vancouver’s Jeff Pelletier has hit new heights with his foray into fell running, becoming the fastest of only two Canadians to complete the brutal 106-km Bob Graham Round in England’s Lake District.
Named after the Keswick guest-house owner who, in 1932, broke the Lakeland Fell record by linking 42 fells within 24 hours, the Bob Graham Round involves 8,200 meters of ascent over terrain that is notoriously challenging to navigate—in weather that is infamously damp and foggy. To be recognized, the route must be completed within 24 hours.
Pelletier’s successful attempt to complete the course—which started at 8 pm on July 1 and concluded 21 hours and 57 minutes later—was a perfect storm of sorts. It happened at a time when the filmmaker was able to work remotely while training for the run, beginning on Canada Day—a fitting time for a Canadian to set an FKT—and came on the heels of his 42nd birthday (Graham first conquered the course’s 42 fells at age 42, and it has become a popular age for runners to tackle the Bob Graham Round).
Thrown into the mix was a more literal storm: Pelletier told canadian running that the course lived up to its reputation for terribly wet and cold weather. “The biggest challenge tends to be navigation in poor weather, which was certainly the case for me,” he said.
He said that, unlike previous races, such as last year’s Ultra-Trail du Mont-Blanc—which he documented in a film—there were no markers to point his way along the course. “Navigation is the runner’s responsibility,” he said, adding that considering how big a challenge it poses, it’s not surprising only two Canadians have completed the Bob Graham Round. The other, Kirk Mauthnerran it in 2016 in 23 hours and 53 minutes.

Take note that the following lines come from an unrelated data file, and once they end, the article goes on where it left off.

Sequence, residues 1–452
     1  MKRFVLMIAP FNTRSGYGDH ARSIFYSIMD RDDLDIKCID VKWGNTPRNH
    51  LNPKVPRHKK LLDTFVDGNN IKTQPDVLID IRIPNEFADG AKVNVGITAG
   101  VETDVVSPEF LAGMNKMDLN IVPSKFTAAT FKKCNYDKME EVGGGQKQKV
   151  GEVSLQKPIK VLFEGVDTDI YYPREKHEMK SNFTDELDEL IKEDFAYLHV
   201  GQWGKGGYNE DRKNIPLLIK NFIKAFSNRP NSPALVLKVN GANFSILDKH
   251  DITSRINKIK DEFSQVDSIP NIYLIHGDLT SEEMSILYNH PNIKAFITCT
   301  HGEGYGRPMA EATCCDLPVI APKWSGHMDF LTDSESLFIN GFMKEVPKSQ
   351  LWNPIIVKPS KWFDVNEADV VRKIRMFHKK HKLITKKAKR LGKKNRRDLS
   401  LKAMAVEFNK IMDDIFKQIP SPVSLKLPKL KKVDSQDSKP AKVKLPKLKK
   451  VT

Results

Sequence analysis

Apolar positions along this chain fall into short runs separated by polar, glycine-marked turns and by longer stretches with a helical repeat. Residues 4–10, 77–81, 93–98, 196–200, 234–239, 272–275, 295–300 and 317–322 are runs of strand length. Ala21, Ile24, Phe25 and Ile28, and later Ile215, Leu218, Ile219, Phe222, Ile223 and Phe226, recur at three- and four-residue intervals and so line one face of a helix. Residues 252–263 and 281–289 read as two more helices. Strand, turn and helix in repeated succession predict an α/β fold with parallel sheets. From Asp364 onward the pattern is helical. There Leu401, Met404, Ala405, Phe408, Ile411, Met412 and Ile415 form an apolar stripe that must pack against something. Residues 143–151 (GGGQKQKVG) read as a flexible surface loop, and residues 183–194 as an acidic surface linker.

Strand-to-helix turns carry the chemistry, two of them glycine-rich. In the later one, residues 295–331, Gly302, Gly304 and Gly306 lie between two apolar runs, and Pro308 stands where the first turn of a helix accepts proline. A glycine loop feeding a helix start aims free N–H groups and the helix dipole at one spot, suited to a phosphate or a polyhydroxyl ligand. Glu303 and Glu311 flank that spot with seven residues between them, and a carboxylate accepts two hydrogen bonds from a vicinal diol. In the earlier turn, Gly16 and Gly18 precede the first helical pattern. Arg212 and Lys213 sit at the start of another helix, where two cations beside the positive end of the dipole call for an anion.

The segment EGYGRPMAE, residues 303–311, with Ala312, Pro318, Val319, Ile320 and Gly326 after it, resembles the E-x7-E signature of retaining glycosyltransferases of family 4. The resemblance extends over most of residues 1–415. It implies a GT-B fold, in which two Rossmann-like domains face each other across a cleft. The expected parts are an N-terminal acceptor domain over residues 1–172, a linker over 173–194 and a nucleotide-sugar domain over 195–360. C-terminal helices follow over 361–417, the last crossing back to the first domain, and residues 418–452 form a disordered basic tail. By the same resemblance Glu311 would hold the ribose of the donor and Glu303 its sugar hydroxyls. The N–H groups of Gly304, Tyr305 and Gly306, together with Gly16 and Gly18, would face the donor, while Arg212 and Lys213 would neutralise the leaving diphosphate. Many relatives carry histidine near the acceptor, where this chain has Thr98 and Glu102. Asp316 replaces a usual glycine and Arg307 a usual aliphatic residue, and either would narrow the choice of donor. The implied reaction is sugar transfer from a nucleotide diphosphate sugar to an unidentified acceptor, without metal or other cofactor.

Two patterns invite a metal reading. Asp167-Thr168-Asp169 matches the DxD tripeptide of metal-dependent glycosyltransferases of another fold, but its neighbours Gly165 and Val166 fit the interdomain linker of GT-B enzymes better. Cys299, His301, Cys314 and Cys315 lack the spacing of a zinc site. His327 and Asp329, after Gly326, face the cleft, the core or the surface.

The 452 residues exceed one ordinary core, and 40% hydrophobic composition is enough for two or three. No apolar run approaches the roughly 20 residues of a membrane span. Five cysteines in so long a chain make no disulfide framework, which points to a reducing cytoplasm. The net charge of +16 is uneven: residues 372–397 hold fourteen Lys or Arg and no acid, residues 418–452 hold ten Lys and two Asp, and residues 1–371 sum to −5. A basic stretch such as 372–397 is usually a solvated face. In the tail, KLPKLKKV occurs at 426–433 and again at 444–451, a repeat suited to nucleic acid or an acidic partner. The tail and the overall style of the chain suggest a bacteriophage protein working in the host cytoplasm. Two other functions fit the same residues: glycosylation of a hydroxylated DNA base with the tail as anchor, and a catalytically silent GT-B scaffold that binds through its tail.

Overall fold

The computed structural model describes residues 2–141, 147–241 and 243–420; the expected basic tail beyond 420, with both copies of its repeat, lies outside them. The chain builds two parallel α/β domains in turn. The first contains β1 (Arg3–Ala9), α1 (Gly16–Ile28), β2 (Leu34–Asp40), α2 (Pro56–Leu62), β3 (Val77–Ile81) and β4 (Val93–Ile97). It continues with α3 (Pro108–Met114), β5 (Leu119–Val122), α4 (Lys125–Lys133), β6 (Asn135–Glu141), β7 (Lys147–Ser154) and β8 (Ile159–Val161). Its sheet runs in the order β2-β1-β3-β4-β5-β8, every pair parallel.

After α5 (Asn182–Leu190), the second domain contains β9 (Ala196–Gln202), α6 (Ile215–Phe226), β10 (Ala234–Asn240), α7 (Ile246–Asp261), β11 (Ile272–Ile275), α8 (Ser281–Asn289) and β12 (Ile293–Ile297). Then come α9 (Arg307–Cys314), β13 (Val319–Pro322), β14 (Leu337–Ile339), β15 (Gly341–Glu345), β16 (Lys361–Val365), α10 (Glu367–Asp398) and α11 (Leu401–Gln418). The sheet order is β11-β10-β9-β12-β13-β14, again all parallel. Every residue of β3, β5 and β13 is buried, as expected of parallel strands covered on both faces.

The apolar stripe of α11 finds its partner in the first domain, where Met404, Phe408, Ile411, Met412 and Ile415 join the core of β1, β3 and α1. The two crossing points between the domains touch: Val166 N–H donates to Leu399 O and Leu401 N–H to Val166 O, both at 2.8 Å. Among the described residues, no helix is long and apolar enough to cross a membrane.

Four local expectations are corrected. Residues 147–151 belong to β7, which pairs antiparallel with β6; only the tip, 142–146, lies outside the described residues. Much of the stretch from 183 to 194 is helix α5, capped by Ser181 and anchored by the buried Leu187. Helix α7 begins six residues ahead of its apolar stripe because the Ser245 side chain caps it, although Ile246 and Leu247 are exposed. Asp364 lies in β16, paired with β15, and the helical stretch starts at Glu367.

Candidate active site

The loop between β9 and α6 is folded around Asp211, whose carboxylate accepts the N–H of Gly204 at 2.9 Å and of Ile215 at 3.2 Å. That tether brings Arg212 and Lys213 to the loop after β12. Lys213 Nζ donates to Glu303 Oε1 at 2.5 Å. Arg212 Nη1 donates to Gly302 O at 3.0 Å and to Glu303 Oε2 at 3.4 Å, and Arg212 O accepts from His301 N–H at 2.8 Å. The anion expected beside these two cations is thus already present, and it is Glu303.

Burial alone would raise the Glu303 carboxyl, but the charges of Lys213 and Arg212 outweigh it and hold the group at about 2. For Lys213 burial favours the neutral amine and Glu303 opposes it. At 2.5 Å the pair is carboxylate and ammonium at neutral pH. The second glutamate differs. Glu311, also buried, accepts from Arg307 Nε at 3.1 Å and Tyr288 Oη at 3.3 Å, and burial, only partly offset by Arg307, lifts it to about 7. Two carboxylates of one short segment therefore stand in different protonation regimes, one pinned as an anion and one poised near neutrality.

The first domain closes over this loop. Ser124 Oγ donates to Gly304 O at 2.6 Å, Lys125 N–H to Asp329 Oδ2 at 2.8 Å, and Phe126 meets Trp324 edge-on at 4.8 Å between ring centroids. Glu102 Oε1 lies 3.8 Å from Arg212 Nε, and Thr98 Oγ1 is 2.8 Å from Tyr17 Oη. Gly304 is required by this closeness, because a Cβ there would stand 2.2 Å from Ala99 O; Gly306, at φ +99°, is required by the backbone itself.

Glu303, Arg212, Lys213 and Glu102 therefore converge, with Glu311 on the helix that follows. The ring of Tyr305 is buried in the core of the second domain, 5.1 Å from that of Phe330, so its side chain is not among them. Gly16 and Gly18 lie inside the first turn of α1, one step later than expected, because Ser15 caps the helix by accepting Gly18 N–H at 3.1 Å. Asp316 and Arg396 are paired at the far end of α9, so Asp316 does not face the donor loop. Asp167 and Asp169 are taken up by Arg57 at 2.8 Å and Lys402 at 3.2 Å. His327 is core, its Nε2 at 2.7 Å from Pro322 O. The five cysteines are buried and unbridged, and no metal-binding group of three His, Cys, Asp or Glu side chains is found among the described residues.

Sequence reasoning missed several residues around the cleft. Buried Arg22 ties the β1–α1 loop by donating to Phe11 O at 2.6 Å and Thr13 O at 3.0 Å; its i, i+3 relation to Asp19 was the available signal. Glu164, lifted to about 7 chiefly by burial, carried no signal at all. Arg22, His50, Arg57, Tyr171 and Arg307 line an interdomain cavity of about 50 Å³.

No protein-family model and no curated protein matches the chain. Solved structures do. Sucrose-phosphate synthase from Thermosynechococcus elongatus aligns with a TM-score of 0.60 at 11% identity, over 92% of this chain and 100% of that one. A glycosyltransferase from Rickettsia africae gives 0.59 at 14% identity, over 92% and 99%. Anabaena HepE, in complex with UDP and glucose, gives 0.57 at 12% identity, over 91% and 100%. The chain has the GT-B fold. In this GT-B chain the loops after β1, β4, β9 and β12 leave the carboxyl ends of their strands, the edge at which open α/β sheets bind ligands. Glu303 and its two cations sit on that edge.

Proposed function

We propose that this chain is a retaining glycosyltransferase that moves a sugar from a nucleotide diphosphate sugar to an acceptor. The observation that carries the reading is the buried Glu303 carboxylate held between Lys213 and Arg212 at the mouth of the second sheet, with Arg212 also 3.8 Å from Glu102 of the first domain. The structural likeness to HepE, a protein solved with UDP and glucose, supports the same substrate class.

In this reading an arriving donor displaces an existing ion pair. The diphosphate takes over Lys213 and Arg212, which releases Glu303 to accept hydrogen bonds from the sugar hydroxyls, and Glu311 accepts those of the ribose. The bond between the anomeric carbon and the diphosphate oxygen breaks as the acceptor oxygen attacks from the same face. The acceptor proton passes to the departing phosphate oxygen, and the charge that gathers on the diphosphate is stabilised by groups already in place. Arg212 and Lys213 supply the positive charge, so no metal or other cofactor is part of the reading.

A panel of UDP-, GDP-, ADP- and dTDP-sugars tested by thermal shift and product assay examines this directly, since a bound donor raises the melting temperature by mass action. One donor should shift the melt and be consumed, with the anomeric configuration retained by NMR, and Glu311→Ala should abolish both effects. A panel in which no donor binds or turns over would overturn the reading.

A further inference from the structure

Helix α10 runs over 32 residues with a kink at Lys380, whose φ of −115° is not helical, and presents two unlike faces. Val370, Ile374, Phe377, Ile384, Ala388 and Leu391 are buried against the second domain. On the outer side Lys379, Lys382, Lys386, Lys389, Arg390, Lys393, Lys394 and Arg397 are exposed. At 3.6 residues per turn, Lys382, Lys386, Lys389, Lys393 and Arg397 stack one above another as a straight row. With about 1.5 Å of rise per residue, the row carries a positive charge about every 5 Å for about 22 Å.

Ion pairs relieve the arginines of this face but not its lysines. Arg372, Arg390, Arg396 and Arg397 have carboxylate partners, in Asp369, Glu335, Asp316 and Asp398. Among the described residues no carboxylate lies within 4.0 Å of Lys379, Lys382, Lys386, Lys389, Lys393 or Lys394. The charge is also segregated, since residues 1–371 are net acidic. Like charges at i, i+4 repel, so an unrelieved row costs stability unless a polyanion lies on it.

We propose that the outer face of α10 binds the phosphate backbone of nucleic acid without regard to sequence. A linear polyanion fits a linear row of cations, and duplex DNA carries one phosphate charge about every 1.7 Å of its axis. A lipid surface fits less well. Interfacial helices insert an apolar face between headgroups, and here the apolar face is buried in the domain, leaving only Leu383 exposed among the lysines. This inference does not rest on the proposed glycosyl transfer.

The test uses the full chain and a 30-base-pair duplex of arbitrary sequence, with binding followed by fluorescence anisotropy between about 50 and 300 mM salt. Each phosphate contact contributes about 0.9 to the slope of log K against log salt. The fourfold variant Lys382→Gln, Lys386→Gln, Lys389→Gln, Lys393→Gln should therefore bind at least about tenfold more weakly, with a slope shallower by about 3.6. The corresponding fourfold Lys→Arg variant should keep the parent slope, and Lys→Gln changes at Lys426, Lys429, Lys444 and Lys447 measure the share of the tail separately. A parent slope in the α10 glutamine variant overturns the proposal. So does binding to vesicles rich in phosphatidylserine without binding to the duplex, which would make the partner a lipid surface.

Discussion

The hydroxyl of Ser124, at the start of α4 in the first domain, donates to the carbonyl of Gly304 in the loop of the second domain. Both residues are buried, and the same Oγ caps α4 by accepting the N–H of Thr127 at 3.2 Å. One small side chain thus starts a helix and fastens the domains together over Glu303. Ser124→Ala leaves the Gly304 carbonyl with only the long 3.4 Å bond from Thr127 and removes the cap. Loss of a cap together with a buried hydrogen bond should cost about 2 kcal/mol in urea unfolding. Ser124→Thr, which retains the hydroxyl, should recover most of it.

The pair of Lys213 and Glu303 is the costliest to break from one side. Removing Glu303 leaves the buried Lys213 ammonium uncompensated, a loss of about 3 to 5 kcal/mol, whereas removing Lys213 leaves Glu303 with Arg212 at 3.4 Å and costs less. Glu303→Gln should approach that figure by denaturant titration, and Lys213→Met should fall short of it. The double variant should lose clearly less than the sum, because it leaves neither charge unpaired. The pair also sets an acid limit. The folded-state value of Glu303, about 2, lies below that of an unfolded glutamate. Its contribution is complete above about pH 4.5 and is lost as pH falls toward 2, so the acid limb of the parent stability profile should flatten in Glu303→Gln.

Neither were there any aid stations. To help him in his attempt at it, Pelletier relied on an 11-member team of pacers and crew headed up by his partner Audrée Lafreniere. “There was no shortage of people offering to help. It really is a community based around the idea of reciprocation,” he said.
In addition to helping Pelletier succeed in his run, his support crew also acted as witnesses, helping to meet the stringent documentation requirements for the attempt to be ratified by the Bob Graham 24-Hour Club.
Pelletier said he expects his run will be ratified by the fall, when the club holds a banquet to honor its members. “I won’t be able to attend it, unfortunately, but I expect that I’ll at least have a certificate sent to me, which I will proudly display at home.”
Inspired to run the Bob Graham Round after Spanish ultrarunning superstar Kilian Jornet set the record in 12 hours and 52 minutes in 2018—a time American Jack Kuenzle bested by 29 minutes last year—Pelletier hopes his run, as well as a documentary he is making about training for and finishing Bob Graham Round, will inspire others to snatch the Canadian title from him.
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“It’s a pretty soft time and my Canadian record could get broken pretty quickly,” he said. “But my goal really is to inspire other Canadians, and maybe other North Americans, whether it’s with the Bob Graham or a different challenge, to explore the fells for themselves.”